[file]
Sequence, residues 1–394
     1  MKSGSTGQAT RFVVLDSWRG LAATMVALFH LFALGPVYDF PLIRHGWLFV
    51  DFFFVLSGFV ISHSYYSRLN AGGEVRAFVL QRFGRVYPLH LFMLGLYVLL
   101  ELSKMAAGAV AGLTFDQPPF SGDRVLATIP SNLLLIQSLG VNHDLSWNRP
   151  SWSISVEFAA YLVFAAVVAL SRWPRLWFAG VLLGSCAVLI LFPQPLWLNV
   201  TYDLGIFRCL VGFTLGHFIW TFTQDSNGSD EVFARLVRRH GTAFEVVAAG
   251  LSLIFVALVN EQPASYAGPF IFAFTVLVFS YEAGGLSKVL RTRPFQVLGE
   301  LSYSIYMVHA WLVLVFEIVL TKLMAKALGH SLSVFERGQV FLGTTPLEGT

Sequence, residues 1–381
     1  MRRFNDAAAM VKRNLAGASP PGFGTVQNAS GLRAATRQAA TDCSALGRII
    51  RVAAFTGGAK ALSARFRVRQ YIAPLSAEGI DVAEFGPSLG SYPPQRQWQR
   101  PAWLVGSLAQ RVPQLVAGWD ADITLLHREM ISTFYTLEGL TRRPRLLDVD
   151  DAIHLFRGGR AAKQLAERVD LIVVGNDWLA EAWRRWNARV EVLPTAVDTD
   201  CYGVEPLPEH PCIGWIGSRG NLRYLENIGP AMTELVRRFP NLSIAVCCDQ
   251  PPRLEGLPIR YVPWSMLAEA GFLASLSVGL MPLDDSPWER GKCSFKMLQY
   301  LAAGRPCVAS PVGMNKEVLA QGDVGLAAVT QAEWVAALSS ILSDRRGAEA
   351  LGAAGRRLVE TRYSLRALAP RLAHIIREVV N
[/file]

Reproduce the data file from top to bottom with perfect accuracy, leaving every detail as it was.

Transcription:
Sequence, residues 1–394
     1  MKSGSTGQAT RFVVLDSWRG LAATMVALFH LFALGPVYDF PLIRHGWLFV
    51  DFFFVLSGFV ISHSYYSRLN AGGEVRAFVL QRFGRVYPLH LFMLGLYVLL
   101  ELSKMAAGAV AGLTFDQPPF SGDRVLATIP SNLLLIQSLG VNHDLSWNRP
   151  SWSISVEFAA YLVFAAVVAL SRWPRLWFAG VLLGSCAVLI LFPQPLWLNV
   201  TYDLGIFRCL VGFTLGHFIW TFTQDSNGSD EVFARLVRRH GTAFEVVAAG
   251  LSLIFVALVN EQPASYAGPF IFAFTVLVFS YEAGGLSKVL RTRPFQVLGE
   301  LSYSIYMVHA WLVLVFEIVL TKLMAKALGH SLSVFERGQV FLGTTPLEGT

Sequence, residues 1–381
     1  MRRFNDAAAM VKRNLAGASP PGFGTVQNAS GLRAATRQAA TDCSALGRII
    51  RVAAFTGGAK ALSARFRVRQ YIAPLSAEGI DVAEFGPSLG SYPPQRQWQR
   101  PAWLVGSLAQ RVPQLVAGWD ADITLLHREM ISTFYTLEGL TRRPRLLDVD
   151  DAIHLFRGGR AAKQLAERVD LIVVGNDWLA EAWRRWNARV EVLPTAVDTD
   201  CYGVEPLPEH PCIGWIGSRG NLRYLENIGP AMTELVRRFP NLSIAVCCDQ
   251  PPRLEGLPIR YVPWSMLAEA GFLASLSVGL MPLDDSPWER GKCSFKMLQY
   301  LAAGRPCVAS PVGMNKEVLA QGDVGLAAVT QAEWVAALSS ILSDRRGAEA
   351  LGAAGRRLVE TRYSLRALAP RLAHIIREVV N